If the fact-checking industry were honest, there would be roughly two kinds of conclusions.
- Republican said X, but X is not true.
- Democrat said Y, but the issue is more complicated than that.
We see this all the time but fact-checkers try to hide it. They complain endlessly that liberals have distorted the truth while giving conservatives the benefit of the doubt because they are so much more likely to spout complete nonsense.
Reporting to Fact-Checking: False Equivalence Always
What ends up happening is that a false equivalence is created. A liberal over-generalization is equivalent to a conservative lie.
Note: this wasn’t always the case. There is a long tradition of conservative intellectuals. Fact-checkers in 1970 probably would have caught equal lies. But American conservatism has been off the rails for a long time.
Eric Alterman has noticed that the same tendency of regular reporters to equate liberals and conservatives applies to fact-checkers. He provided a great example. During the 2008 DNC, The Washington Post fact-checker, Glenn Kessler complained that Obama’s statement about John McCain’s voting record didn’t have enough nuance. Four years later, it was very different when it came to the Republican Party:
During the 2012 Republican National Convention, for example, Kessler defended the falsehoods told in a speech by Representative Paul Ryan, then the party’s vice-presidential nominee. Why? According to the headline above Kessler’s column, “The truth? C’mon, this is a political convention.”
Balance always, truth not so much.
Two Fundamental Problems With Fact-Checkers
I remember when these outlets and sub-outlets first appeared, there were two criticisms of them:
- Fact-checking should be a regular part of reporting. To make it a special journalistic endeavor was going to make reporting worse.
- Fact-checking would have the same problems of regular reporting with claims of bias and so on.
The first criticism didn’t really matter because mainstream “objective” journalism had long before given up on doing anything as contentious as fact-checking what politicians did — especially conservative politicians!
The Same Old Problems
The second criticism played out as expected in a number of ways. The first is that conservatives don’t even pay attention to fact-checkers. Even “reasonable” outlets like RealClearPolitics dismiss them as nothing more than opinion journalism.
Although I don’t think that’s true when it comes to their analysis of conservative claims, it’s hard not to see that when it comes to liberal claims. A great example of this happened after Bernie Sanders said that millions of people work two or three jobs. It turns out that 8 million people do this.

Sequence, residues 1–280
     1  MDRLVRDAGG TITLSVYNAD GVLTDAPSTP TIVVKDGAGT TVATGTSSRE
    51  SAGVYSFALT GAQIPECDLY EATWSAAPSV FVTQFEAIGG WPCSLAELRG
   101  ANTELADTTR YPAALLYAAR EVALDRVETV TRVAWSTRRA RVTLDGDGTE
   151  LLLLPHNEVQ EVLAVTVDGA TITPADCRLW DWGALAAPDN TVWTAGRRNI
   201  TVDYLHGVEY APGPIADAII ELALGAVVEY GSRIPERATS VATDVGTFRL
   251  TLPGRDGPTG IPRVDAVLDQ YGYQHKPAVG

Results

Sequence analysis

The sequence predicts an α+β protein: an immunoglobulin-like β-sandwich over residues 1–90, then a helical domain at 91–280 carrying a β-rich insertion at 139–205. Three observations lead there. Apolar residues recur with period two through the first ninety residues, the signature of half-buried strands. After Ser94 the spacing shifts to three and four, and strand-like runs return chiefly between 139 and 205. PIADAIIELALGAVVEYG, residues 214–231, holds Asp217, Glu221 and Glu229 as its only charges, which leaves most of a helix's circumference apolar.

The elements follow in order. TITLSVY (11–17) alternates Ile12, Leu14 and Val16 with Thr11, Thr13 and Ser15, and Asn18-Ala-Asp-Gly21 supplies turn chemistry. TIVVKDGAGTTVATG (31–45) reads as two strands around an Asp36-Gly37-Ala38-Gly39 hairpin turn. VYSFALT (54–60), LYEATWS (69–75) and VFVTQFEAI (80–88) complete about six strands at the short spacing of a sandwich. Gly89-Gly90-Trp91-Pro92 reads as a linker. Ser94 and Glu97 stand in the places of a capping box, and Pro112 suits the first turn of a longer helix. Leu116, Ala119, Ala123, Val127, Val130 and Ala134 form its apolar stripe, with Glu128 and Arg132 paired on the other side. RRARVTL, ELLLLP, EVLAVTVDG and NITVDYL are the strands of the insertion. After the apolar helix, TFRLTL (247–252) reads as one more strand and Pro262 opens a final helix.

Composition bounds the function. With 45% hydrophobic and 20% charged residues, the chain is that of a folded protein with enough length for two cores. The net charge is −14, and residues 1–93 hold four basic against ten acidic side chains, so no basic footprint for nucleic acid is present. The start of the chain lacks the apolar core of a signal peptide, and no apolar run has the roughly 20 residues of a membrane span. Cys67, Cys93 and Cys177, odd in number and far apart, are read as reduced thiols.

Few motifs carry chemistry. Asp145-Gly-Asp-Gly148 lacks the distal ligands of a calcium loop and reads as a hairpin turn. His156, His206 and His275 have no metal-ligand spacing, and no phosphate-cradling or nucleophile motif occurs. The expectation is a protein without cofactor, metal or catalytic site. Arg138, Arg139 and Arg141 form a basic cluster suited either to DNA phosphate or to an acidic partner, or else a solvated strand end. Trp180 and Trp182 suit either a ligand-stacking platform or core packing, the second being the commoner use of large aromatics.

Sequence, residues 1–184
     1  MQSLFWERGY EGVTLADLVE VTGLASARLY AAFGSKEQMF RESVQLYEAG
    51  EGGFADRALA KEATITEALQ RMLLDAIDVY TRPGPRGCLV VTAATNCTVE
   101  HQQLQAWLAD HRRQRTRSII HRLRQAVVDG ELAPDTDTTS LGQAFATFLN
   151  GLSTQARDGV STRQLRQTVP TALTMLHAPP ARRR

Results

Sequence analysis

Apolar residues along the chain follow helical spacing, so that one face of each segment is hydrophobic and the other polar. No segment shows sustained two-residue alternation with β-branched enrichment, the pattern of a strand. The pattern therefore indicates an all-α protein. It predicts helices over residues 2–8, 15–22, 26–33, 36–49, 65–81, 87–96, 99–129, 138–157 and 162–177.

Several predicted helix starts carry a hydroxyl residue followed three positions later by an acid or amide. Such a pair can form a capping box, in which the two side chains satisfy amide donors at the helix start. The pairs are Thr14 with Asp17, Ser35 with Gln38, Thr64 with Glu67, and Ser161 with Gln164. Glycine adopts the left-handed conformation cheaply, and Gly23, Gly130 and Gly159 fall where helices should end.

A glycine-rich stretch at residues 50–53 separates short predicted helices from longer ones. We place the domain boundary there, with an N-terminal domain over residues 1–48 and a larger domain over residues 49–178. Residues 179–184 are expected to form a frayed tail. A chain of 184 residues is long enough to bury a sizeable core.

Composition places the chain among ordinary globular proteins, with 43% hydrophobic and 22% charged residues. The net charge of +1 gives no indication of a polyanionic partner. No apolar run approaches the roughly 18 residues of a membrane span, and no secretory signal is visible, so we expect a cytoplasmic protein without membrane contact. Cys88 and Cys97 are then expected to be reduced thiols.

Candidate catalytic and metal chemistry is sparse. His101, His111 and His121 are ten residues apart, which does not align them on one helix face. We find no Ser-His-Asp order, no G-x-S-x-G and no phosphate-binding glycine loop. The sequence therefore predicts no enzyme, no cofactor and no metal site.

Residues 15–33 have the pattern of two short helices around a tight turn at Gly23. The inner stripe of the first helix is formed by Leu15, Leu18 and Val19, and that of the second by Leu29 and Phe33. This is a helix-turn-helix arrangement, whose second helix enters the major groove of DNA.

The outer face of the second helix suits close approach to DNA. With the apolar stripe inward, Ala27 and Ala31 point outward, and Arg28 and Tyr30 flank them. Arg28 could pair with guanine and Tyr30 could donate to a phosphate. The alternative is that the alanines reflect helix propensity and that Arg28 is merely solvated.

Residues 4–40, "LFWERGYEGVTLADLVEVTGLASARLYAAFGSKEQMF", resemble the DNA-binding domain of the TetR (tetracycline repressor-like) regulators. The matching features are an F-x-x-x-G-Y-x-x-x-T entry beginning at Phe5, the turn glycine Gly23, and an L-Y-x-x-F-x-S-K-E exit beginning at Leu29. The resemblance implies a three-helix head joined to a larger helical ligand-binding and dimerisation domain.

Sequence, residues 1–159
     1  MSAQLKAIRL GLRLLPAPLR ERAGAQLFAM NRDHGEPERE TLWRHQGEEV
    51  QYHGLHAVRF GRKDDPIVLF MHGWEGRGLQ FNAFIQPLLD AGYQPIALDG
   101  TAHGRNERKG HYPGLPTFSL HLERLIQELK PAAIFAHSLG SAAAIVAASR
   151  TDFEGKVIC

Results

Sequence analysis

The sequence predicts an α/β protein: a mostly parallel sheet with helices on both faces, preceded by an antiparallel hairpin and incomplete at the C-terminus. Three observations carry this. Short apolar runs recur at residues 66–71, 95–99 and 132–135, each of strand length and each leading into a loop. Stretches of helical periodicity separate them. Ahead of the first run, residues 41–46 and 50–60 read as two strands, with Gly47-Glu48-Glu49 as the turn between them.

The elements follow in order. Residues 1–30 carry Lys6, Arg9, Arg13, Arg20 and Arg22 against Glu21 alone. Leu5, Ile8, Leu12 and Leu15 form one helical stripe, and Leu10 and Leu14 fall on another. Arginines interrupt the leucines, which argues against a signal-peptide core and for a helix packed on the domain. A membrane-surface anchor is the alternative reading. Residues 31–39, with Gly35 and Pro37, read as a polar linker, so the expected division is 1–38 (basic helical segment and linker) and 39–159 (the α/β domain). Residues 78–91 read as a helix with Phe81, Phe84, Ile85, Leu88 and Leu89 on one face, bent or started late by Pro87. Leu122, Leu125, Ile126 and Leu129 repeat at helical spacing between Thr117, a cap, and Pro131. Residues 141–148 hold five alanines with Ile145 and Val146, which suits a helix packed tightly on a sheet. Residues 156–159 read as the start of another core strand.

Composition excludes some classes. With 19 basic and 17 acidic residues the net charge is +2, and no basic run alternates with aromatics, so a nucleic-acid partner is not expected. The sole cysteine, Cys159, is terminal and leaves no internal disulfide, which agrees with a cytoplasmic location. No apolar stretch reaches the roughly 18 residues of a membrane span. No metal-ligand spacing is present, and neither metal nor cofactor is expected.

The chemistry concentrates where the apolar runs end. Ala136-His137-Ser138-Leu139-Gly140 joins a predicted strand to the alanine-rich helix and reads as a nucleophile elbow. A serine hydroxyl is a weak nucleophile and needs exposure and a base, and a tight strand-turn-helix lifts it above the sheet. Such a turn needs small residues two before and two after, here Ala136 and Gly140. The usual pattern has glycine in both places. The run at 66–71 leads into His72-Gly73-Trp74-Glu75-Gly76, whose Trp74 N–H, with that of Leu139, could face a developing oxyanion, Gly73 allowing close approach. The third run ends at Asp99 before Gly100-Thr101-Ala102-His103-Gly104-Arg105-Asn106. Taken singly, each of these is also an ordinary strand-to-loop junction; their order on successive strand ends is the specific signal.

But our good friend uber-fact-checker Glenn Kessler gave the claim 3 Pinocchios (out of a possible 4) because, well, I really don’t know. Apparently, Kessler thought Sanders meant 100 million? Who can say?
What we can say is that Kessler never would have nit-picked a conservative in this way for two reasons. First, he wouldn’t need to because they lie so much more. Second, he wouldn’t need to because he doesn’t need to invent conservative falsehoods to even things out.
It was always understood that if it turned out that the fact-checkers found a lot more conservative lies than liberal lies, the conservatives would just dismiss it as bias. And despite the efforts of fact-checkers to avoid this, they still find that conservatives lie a lot more.
Of course, it doesn’t matter. If fact-checkers found exactly the same number of falsehoods from Democrats and Republicans, conservatives would call foul. And this is understandable because there is a lot to complain about.
One of the things that skew results is also used to create false equivalence: the facts that are checked. Why do fact-checkers pick a particular claim to look at? Many of them are silly.
PolitiFact, for example, fact-checked the Facebook claim that all Fox News women are blond. That’s pretty amazing given that everyone understood that the claim was hyperbolic. What’s more, given that the vast majority of people have dark hair, the fact that most Fox News women have blond hair goes along with the point being made.
Fact-checkers go out of their way to seem balanced. That trumps any effort they have to find the truth. For example, Trump lies constantly. PolitiFact looked at 102 of his claims in 2019. It could have been a thousand. Or one.
I now refuse to reference fact-checkers. There is a tendency among people to disregard fact-checkers when we disagree with them but to hold them up as authoritative when we don’t. What’s the point of that?
They are useless. And they should be treated as such — especially by those of us on the left who are most abused by them.
 Note that these intellectuals were still wrong and mostly just as bigotted as modern Trump supporters. But they did care about the same intellectual niceties that I do. And they could be shamed. In other words, they were like Max Boot.